Monday, January 25, 2010

Postsecondary degrees and the missing generational progress

Yikes! The graph above shows higher education progress for many developed countries, measured by comparing adults in the 25 to 34 group to adults in the 55 to 64 group, and showing the percent in each group who have completed a degree.. The older group shown by the gray x consistently has less education than the younger group shown by the red x. For most countries, it's a big leap. For the United States, there's only been tiny progress.

I've heard summaries of these numbers before, but this one of the best visuals I've seen. I wish I could display it larger, but even with that software problem, I decided it needed sharing. If you click right on the graph, you can see it larger. (For our e-mail readers, first go to and then click.)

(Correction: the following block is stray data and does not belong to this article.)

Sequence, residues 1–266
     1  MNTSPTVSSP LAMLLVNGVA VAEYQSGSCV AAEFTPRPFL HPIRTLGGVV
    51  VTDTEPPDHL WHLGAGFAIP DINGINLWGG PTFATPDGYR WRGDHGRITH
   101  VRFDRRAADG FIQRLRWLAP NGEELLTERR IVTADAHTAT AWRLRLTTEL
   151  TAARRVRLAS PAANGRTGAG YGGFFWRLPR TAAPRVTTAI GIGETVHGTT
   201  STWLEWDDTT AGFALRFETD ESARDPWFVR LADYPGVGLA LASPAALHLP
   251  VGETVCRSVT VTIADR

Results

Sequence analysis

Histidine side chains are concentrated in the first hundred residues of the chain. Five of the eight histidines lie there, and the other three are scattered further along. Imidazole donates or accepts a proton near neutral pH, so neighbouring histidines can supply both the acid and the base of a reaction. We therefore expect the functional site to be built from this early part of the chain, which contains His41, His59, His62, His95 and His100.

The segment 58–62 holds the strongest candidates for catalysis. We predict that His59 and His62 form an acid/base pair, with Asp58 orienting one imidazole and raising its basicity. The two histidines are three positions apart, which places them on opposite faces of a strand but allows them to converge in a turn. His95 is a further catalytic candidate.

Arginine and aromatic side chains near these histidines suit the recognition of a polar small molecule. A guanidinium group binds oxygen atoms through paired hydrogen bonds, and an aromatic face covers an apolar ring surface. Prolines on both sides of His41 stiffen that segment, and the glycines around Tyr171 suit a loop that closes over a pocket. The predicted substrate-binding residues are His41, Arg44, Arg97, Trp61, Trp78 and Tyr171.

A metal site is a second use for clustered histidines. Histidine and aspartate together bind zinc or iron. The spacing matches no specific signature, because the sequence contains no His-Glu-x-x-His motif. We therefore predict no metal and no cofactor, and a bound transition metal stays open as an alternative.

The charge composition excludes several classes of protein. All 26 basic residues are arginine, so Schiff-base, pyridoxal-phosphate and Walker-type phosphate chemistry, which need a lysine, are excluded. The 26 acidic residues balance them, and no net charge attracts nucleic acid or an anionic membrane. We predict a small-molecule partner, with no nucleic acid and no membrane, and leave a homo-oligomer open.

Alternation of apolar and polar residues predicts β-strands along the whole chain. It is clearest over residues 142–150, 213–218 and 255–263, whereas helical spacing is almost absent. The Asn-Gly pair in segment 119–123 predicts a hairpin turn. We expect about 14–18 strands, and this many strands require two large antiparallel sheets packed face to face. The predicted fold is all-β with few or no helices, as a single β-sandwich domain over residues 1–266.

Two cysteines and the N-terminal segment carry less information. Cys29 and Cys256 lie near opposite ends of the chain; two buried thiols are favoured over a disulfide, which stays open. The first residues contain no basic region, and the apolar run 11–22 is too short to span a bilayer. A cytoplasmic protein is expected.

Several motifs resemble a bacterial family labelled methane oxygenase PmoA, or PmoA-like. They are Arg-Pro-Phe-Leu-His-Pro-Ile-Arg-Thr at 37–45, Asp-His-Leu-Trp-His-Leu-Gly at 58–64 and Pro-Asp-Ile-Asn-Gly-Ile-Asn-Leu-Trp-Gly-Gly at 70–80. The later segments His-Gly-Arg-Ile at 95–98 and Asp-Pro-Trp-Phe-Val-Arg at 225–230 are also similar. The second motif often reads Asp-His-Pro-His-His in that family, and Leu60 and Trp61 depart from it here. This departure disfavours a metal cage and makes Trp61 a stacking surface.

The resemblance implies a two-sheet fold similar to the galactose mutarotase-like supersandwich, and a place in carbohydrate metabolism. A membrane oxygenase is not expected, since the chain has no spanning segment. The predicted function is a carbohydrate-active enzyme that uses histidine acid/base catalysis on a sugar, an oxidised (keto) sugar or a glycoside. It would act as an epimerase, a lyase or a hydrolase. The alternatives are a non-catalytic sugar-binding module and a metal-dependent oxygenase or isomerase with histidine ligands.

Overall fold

Do notice that the percentages shown are too high to be just bachelor's degrees. Associates must also be in the mix, and degrees in other countries are sure to be defined a bit differently we do it here. Still, it's important to see that while we've gotten many more young people into higher education in recent decades, we've done far less well at getting them to completion.

Source: The graph is from the Gates Foundation Postsecondary Success Fact Sheet, available here if you scroll partway down the third column of information.

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Updates and data on Kentucky education!